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Throughout the last month, the magic of the holiday season has our community full of lights, decorations, and of course Christmas trees. As celebrations continue, Thomasville Fire Rescue (TFR) would like to share fire safety tips that can keep your family and home safe and full of joy and laughter.

“The safety of our citizens during the holiday season is our number one priority,” said TFR Chief Tim Connell. “Holiday fires can start from something small, such as a candle, or from larger sources such as a family Christmas tree. Taking small safety measures within your home can prevent your festive celebration from turning into unexpected devastation.”

Connell says electrical distribution or lighting equipment is the culprit in 43% of home Christmas tree fires. “Three-quarters of fatalities and two-thirds of related injuries during the holiday season result from fires that started with a Christmas tree,” said Chief Connell. “Live Christmas trees, while beautiful, can become hazardous if not cared for properly. An un-watered Christmas tree can catch fire quickly, burn rapidly, and cause life-changing devastation to your home in a matter of seconds.”

According to the National Fire Protection Association (NFPA), the top three days for home candle fires are Christmas, New Year’s Day, and New Year’s Eve. “During the holiday season, candles can add beauty to the atmosphere of your home, but it is important to not leave burning candles unattended,” said Chief Connell. “More than one-third of home decoration fires are started by candles. It is of critical importance to keep lit candles away from decorations and to blow them out when you leave the room or go to bed.”

TFR also cautions citizens to never leave cooking food unattended in their kitchens. It is advised that all food that is simmering, baking, or roasted be monitored regularly. “You should also remain in the home while food is cooking, and use a timer to remind yourself that you are cooking,” said Chief Connell. “Most cooking fires in the home involve the kitchen stove. If you have a small grease fire on your stovetop, smother the flames by sliding a lid over the pan and turning off the burner. For an oven fire, turn off the heat and keep the door closed,” added Chief Connell.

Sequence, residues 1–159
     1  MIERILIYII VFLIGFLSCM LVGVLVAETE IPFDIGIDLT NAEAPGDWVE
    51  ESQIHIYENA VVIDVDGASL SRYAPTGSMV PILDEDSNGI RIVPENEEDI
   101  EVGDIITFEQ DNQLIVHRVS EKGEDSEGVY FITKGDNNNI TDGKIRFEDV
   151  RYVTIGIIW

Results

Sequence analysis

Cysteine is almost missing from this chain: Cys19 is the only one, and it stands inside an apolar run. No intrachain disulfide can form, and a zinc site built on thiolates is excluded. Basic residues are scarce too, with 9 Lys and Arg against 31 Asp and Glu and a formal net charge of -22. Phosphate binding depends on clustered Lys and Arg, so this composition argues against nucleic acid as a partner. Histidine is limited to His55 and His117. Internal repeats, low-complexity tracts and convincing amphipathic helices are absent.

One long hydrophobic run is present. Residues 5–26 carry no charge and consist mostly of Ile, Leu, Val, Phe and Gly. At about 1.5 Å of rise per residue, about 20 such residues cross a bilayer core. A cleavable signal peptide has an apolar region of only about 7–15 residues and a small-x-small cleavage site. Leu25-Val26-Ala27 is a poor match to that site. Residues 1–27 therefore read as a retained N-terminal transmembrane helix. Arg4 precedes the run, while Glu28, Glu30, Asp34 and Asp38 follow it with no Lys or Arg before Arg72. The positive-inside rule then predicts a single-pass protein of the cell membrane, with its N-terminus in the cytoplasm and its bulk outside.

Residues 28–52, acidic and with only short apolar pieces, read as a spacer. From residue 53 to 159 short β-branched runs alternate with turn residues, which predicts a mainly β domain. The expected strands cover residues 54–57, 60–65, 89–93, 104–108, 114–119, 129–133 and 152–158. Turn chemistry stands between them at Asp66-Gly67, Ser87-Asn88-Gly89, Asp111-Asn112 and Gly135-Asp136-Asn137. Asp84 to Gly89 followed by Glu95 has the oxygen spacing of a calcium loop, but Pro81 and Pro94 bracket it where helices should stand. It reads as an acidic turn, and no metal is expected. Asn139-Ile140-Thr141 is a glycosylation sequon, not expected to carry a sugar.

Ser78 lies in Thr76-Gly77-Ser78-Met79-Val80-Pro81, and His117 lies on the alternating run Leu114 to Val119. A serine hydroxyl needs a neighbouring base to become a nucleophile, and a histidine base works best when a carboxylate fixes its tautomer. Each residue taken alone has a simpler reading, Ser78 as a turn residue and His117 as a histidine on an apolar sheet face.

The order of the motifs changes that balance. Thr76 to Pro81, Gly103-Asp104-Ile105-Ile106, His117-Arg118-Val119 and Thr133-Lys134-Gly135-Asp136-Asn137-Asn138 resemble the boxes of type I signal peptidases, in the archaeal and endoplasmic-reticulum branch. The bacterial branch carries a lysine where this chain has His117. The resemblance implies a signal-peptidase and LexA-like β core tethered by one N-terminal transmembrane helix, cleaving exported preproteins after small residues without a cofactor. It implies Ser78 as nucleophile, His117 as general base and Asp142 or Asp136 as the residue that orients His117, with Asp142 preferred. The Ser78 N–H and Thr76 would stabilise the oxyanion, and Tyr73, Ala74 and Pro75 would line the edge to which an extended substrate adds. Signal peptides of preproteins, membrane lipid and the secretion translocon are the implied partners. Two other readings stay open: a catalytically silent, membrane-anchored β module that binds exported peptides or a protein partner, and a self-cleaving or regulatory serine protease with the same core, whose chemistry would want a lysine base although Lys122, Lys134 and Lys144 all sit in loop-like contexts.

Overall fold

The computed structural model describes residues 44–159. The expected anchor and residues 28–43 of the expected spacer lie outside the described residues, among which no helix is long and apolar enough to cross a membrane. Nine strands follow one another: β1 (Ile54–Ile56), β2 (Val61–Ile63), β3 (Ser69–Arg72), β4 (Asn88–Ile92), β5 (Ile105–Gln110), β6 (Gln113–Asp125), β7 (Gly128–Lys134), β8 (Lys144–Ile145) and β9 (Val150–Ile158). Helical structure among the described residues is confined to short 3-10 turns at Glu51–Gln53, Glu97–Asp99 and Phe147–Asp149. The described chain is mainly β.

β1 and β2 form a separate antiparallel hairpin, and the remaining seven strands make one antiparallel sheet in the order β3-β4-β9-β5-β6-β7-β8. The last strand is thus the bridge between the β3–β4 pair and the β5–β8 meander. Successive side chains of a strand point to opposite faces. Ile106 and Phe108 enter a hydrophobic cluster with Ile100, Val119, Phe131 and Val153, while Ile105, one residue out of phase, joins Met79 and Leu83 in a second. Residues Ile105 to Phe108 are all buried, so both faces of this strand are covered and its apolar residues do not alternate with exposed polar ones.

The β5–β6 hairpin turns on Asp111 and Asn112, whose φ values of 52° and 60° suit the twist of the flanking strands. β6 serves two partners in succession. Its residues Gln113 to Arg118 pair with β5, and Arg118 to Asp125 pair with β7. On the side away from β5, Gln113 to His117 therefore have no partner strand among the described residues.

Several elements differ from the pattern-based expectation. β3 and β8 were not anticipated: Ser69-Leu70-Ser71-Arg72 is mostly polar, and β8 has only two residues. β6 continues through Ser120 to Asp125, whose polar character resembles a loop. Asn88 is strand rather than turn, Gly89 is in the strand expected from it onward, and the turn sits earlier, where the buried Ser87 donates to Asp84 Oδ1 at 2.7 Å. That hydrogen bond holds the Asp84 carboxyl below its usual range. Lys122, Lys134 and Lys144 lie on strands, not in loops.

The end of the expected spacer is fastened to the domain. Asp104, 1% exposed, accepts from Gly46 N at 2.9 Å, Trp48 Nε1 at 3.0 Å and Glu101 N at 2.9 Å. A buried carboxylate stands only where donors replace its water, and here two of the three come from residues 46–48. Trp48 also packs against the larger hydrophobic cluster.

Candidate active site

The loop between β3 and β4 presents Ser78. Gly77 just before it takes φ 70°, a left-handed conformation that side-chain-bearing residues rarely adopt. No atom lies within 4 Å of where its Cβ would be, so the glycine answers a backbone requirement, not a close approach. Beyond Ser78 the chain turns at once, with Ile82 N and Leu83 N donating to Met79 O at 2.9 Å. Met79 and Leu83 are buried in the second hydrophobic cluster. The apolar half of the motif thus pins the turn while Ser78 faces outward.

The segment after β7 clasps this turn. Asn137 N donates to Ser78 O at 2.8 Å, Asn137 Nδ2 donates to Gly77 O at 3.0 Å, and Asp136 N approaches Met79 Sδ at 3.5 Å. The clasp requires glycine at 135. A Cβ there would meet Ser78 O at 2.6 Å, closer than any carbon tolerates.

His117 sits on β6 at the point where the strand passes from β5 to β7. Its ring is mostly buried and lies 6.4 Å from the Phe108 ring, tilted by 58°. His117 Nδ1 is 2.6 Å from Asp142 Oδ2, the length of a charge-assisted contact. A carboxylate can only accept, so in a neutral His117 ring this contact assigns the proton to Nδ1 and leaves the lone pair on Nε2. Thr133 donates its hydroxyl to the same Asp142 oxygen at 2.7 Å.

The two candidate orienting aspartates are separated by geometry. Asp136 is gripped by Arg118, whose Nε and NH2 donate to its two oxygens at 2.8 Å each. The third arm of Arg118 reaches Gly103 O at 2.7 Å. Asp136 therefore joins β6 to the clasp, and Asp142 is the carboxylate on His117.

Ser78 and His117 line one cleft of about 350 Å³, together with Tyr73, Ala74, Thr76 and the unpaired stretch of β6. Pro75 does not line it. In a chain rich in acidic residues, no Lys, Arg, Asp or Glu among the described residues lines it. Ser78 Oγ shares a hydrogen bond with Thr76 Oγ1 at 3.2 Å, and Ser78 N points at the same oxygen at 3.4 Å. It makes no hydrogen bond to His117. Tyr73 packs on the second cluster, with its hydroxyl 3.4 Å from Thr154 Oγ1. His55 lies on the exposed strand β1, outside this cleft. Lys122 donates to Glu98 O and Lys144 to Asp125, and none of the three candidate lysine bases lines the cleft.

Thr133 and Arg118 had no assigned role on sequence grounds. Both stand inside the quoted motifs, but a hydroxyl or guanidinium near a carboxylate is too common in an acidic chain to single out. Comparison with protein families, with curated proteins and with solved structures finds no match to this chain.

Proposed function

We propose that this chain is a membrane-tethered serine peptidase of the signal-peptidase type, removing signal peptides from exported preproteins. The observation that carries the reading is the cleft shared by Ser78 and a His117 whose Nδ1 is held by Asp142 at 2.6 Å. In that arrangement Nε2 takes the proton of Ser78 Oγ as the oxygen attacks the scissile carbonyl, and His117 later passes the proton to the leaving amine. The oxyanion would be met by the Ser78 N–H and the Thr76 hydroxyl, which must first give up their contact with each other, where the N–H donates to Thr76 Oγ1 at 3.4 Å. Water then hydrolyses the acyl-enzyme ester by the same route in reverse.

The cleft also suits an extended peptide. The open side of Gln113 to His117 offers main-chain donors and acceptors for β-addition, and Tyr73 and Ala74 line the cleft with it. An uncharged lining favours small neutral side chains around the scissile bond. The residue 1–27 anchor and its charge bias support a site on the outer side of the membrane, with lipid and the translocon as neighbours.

After the holidays, many people believe that disposing of a live tree comes without risks. However, trees not disposed of properly can be a risk to your home. “It is important that trees are properly disposed of after the holiday season or when they are dry,” said Chief Connell. “Dried-out trees are a fire danger and should not be left in the home, garage, or placed against the outside of the home. The City of Thomasville recycling center is the best place to dispose of undecorated trees after the holidays.”

“TFR urges the community to practice safety so that your holiday celebrations are not disrupted by avoidable incidents,” said Chief Connell. “By following simple safety tips, our community can enjoy the beauty of the holiday season.”

For more information on fire safety, please visit, @OfficialThomasvilleFireRescue on Facebook or call Thomasville Fire Rescue at 229-227-4099.